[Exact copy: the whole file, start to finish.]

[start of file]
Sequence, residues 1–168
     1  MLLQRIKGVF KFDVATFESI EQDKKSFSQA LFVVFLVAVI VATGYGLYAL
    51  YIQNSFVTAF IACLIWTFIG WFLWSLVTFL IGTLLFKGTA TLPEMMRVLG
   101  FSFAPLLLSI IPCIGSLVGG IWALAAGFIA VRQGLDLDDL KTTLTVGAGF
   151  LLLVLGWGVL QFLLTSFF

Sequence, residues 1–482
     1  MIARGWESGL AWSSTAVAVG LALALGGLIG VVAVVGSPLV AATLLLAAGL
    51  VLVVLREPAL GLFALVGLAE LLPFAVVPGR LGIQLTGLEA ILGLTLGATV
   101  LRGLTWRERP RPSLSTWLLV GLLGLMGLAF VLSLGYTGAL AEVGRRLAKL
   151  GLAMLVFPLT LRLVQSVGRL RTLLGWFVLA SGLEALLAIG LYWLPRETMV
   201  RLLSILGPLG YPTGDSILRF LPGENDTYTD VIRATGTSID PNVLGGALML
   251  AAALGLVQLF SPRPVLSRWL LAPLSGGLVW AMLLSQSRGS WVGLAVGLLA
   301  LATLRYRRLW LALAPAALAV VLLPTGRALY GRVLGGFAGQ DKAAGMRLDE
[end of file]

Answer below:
Sequence, residues 1–168
     1  MLLQRIKGVF KFDVATFESI EQDKKSFSQA LFVVFLVAVI VATGYGLYAL
    51  YIQNSFVTAF IACLIWTFIG WFLWSLVTFL IGTLLFKGTA TLPEMMRVLG
   101  FSFAPLLLSI IPCIGSLVGG IWALAAGFIA VRQGLDLDDL KTTLTVGAGF
   151  LLLVLGWGVL QFLLTSFF

Sequence, residues 1–482
     1  MIARGWESGL AWSSTAVAVG LALALGGLIG VVAVVGSPLV AATLLLAAGL
    51  VLVVLREPAL GLFALVGLAE LLPFAVVPGR LGIQLTGLEA ILGLTLGATV
   101  LRGLTWRERP RPSLSTWLLV GLLGLMGLAF VLSLGYTGAL AEVGRRLAKL
   151  GLAMLVFPLT LRLVQSVGRL RTLLGWFVLA SGLEALLAIG LYWLPRETMV
   201  RLLSILGPLG YPTGDSILRF LPGENDTYTD VIRATGTSID PNVLGGALML
   251  AAALGLVQLF SPRPVLSRWL LAPLSGGLVW AMLLSQSRGS WVGLAVGLLA
   301  LATLRYRRLW LALAPAALAV VLLPTGRALY GRVLGGFAGQ DKAAGMRLDE